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U.S. lawmakers introduce five bills aimed at breaking down big tech

Congress
Congress (Image credit: Louis Velazquez)

What you need to know

  • House lawmakers have introduced five new bills aimed at big tech.
  • The bills aim to curtail the market dominance enjoyed by major tech firms.

The age of big tech going around unchecked might actually be over in the United States...if the bills introduced today get enough traction.

As reported by The Verge, the five bipartisan bills aim to curb the market dominance that some major tech firms have enjoyed for years now. One of the bills could give the Justice Department or the Federal Trade Commission the power to require tech companies to break off parts of their business that create a conflict of interest (think the App Store or Amazon Basics). Another bill would prevent acquisitions like when Facebook gobbled up Instagram back in 2012.

The package unveiled Friday includes five measures targeting the different ways in which tech companies maintain market dominance. One bill would empower the Justice Department or the Federal Trade Commission to break up tech firms by forcing them to sell off parts of their business that could create a conflict of interest — potentially forcing Amazon to carve off house brands like Amazon Basics.Another bill would bar companies from giving their own services preference over their rivals, like Google boosting its own products in search results over competitors. Yet another bill would block companies like Facebook from buying up nascent competitors like in the 2012 acquisition of Instagram.The last two bills are less controversial. Last week, the Senate already passed a measure put out by Sen. Amy Klobuchar (D-MN) that would boost merger filing fees for large companies, giving antitrust enforcers more money to take on cases. A bill mirroring that legislation was introduced Wednesday. The last bill would force platforms to make the data they collect interoperable in order to make it easier for users to jump from one service to another.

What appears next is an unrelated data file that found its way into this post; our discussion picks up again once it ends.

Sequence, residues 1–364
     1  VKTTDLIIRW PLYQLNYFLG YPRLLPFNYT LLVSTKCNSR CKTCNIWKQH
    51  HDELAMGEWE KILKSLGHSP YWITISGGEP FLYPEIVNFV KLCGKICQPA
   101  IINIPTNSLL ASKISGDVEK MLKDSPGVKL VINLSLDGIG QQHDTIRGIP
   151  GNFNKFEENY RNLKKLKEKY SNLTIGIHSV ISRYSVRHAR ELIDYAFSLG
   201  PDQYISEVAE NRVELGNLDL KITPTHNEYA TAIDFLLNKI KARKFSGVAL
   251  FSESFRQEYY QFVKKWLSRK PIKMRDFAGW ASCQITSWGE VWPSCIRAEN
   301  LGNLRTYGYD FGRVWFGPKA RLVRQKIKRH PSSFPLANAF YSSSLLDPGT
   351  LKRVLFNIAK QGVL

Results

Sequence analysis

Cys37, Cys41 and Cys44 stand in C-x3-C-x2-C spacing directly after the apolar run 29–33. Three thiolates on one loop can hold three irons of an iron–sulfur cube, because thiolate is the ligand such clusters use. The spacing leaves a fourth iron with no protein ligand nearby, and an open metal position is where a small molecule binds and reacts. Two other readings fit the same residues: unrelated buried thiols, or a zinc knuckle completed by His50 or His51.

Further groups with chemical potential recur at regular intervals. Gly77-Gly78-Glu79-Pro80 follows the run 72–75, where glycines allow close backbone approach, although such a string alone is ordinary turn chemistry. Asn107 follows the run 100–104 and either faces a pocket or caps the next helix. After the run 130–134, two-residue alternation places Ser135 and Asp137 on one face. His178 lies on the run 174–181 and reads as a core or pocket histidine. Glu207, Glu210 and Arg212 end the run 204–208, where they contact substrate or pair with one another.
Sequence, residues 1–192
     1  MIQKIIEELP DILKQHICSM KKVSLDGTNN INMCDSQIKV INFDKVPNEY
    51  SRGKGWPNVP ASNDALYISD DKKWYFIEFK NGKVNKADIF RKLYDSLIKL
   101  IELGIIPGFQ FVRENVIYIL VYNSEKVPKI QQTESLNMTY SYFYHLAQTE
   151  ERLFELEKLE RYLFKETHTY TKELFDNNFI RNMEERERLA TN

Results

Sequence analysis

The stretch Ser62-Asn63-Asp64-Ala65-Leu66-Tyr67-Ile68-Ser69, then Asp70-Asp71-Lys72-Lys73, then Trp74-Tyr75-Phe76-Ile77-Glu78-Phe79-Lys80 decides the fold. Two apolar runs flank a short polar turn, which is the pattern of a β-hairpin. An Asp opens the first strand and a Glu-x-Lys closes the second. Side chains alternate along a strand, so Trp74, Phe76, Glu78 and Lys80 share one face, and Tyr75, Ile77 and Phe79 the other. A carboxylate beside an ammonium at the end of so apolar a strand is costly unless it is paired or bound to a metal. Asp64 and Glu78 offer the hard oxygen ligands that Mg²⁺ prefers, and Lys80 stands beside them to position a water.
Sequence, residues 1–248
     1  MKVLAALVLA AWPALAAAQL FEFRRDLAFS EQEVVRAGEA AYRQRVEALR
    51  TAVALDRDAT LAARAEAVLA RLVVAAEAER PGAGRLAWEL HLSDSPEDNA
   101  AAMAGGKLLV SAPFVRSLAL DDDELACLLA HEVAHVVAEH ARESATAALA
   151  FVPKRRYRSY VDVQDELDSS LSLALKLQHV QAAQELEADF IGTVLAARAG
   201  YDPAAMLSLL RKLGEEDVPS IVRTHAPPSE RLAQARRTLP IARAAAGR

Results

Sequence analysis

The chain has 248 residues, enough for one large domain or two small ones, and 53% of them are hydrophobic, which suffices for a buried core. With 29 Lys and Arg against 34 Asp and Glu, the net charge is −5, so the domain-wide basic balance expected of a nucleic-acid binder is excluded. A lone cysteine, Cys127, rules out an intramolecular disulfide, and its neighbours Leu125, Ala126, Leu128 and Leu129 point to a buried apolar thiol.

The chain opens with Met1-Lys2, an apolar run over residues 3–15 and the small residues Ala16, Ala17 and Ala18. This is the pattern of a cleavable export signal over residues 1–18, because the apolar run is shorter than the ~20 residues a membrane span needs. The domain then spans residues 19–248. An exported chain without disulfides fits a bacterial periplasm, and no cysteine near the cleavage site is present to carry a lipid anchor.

Representative David Cicilline, who oversaw the House antitrust investigation, says that all of the bills aim to "level the playing field" so that the big tech firms are forced to compete fairly with smaller companies.

"Right now, unregulated tech monopolies have too much power over our economy. They are in a unique position to pick winners and losers, destroy small businesses, raise prices on consumers, and put folks out of work ... Our agenda will level the playing field and ensure the wealthiest, most powerful tech monopolies play by the same rules as the rest of us."

It's currently unclear when the bills will be heard in Congress or when they could be passed into law.

Joe Wituschek
Contributor

Joe Wituschek is a Contributor at iMore. With over ten years in the technology industry, one of them being at Apple, Joe now covers the company for the website. In addition to covering breaking news, Joe also writes editorials and reviews for a range of products. He fell in love with Apple products when he got an iPod nano for Christmas almost twenty years ago. Despite being considered a "heavy" user, he has always preferred the consumer-focused products like the MacBook Air, iPad mini, and iPhone 13 mini. He will fight to the death to keep a mini iPhone in the lineup. In his free time, Joe enjoys video games, movies, photography, running, and basically everything outdoors.

2 Comments
  • "Another bill would bar companies from giving their own services preference over their rivals." This would also bar Apple from bundling up all of their apps or services at discounted prices as well, especially since Apple pays no fees for any of their apps, or services. Yet other companies even if they tried to offer bundles with multiple services and/or products. No one can compete with Apple, because Apple still requires fees from other bundled apps or services. Its so unfair, that I was surprised that Apple was even allowed to do that in the first place.
  • Apple needs to modify its App Store policies, but these bills go to far. They’d prevent Apple from offering any first-party apps whatsoever—effectively forcing Apple to sell iPhones with zero apps and zero integrated experiences. The iPhone has a 95%+ customer satisfaction rating, and normal people who don’t visit sites like iMore like uncomplicated experiences with their smartphone that work out of the box. I bet Apple would rather sink the App Store and force developers to offer their apps via Safari PWAs than ship an iPhone with no first-party experiences.